Primary Care: Healthcare’s Front Door and the Urgent Care Opportunity

Vertical: Primary/Urgent Care
Author: JC Lupis
Date: July 2019

Who Controls Healthcare’s Front Door?

Primary care practices are now in a fierce battle for control of healthcare’s front door and face competition from numerous fronts. For example, retail health clinics are proliferating – estimated to already number at least 2,800 – and recent news indicates that CVS will open 1,500 HealthHUB stores over the next 2 years. Meanwhile, primary care practices must also contend with competition from telemedicine startups, such as American Well, and larger companies such as Apple, which is rolling out its own employee clinics.

A recent survey found that 45% of 18-29-years lacked a primary care physician (PCP) (compared to 28% of 30-49-year-olds), with the authors noting that “many young adults are turning to a fast-growing constellation of alternatives.” All told, visits to PCPs fell by 18% between 2012 and 2016, despite an aging population that should necessitate more primary care visits. Primary care providers are tasked with devising models that meet patients’ demands for convenience while also developing trusting relationships.

Urgent Care Gains Steam

A key development in the primary care space has been the increasing role of urgent care centers (UCCs): estimates place urgent care at almost one-fifth of all primary care visits. The urgent care industry is rapidly growing, climbing from 6,100 centers in 2013 to 8,774 as of November 2018. The sector is benefiting from payment models that encourage use of lower-cost outpatient settings, as well as heightened consumer demand for UCCs, which offer greater convenience in the form of shorter wait times, lower prices, and walk- in care.

There is an opportunity for primary care providers to partner with UCCs. In today’s new era of patient centricity, primary care providers able to offer after-hours care will be best-positioned to respond to patients’ ever-increasing demands for convenience in healthcare access points. Moreover, UCCs can act as a first point-of-entry for patients: according to the Urgent Care Association, more than one-third (35%) of patients seeking care in a UCC in 2017 were unaffiliated with a primary care physician or medical home.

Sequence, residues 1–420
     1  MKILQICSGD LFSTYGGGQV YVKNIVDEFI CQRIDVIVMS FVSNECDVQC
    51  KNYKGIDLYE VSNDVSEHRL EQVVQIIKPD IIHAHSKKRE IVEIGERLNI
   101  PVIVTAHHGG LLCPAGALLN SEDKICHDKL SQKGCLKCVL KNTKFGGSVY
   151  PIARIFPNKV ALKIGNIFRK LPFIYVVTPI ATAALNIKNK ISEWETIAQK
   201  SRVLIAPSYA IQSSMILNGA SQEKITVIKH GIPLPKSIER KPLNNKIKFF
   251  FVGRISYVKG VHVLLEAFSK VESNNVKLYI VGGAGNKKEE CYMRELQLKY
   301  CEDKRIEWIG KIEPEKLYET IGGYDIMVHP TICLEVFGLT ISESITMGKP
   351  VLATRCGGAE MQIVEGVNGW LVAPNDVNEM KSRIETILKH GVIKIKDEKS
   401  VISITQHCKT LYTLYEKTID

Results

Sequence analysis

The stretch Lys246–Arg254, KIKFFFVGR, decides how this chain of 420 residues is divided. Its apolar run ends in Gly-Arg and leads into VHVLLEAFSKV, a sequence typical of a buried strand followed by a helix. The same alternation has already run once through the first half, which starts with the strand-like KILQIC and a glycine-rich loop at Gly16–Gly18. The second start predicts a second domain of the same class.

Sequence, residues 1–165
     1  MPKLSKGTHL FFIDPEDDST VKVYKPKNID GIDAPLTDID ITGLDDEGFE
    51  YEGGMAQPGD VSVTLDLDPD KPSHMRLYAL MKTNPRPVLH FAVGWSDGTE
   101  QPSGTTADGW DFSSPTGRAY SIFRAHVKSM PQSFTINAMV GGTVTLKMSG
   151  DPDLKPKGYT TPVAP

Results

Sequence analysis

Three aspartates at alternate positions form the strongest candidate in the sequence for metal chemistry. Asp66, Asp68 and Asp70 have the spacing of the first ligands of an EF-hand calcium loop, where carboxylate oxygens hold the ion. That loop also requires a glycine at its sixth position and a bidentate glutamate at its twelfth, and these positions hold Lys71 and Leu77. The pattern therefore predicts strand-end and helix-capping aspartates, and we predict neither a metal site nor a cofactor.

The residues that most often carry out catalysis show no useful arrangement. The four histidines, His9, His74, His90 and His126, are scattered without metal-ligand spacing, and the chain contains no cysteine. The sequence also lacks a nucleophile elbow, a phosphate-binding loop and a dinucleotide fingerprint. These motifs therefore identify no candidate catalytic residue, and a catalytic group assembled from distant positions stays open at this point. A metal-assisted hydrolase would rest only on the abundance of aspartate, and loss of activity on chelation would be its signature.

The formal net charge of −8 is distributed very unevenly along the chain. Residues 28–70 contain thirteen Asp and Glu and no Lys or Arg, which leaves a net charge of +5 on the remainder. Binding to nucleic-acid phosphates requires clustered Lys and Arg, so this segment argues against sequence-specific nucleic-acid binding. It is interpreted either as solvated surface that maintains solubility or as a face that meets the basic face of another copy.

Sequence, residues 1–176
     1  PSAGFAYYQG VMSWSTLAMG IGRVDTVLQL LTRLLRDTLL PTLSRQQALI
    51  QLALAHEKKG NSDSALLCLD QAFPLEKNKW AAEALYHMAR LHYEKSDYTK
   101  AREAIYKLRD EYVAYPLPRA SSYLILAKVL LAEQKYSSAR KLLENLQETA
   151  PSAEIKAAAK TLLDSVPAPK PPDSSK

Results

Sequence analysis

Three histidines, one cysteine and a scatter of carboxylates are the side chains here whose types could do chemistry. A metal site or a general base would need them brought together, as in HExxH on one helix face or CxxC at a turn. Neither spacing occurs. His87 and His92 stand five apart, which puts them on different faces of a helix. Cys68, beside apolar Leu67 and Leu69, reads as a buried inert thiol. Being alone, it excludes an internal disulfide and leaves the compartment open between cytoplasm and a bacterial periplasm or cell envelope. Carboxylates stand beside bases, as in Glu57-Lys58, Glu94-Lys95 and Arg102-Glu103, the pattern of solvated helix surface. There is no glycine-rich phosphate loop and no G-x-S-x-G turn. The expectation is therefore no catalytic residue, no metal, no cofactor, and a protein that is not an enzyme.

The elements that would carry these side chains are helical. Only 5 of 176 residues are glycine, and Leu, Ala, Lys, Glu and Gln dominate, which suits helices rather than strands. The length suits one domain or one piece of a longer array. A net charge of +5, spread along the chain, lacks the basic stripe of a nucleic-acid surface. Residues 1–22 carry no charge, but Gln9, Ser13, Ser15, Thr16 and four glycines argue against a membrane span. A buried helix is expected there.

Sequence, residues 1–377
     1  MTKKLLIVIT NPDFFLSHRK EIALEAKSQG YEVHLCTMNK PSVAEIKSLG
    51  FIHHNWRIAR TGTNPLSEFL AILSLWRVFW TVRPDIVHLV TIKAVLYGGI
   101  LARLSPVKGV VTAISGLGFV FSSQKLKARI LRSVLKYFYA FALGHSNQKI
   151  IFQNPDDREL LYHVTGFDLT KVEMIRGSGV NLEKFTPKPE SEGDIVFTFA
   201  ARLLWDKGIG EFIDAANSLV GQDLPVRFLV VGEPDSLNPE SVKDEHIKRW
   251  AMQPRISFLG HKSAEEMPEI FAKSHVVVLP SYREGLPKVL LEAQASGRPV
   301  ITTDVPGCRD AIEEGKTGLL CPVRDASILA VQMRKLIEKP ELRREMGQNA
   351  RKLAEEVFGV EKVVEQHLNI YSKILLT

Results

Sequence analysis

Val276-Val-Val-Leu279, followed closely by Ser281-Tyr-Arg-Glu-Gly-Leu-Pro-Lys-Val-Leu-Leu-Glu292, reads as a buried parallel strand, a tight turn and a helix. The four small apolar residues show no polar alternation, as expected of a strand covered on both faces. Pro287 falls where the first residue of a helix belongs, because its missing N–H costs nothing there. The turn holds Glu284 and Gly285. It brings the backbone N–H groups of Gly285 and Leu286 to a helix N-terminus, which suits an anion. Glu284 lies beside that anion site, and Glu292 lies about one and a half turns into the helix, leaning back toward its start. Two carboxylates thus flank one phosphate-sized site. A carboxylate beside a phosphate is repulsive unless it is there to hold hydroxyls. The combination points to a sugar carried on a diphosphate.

The PCMH Offers An Opportunity

Partnerships between urgent care and PCPs also allow for an integrated care model that bridges retail medicine and primary care. One such model is the patient-centered medical home (PCMH): a team-based approach in which primary care providers coordinate comprehensive, patient-centered, and accessible care. This type of model – which offers convenient after-hours care and a bundled payment system – fits well in a healthcare system that is moving away from the fractured fee-for-service model.

UCCs are excellent partners for primary care practices in the PCMH model. PCPs can shift acute care patients to affiliated UCCs, allowing PCPs to focus on preventative care and the chronic care examinations that offer more favorable reimbursements. At the same time, sending overflow patients to affiliated UCCs typically results in greater efficiency and cost savings.

Developments in medical record technology have enabled greater communication between providers groups in the PCMH model. This control over healthcare data is crucial to seamless comprehensive care delivery and also proves beneficial to patients, who are better able to track their health information.

Primary Care Market: Key Data Point

One-quarter (25%) of patients do not have a regular primary care physician.

Source: Association of American Medical Colleges

Primary Care Market: Key Chart

Percentage of Physicians in Physician-Owned Practices, in 2018


GHA’s Primary Care Market Brief includes the following sections:

  • Primary Care Market-At-A-Glance
  • Primary Care Market Developments
  • Key Primary Care Market Data
  • The Mergers & Acquisitions Landscape

To inquire about a copy, please contact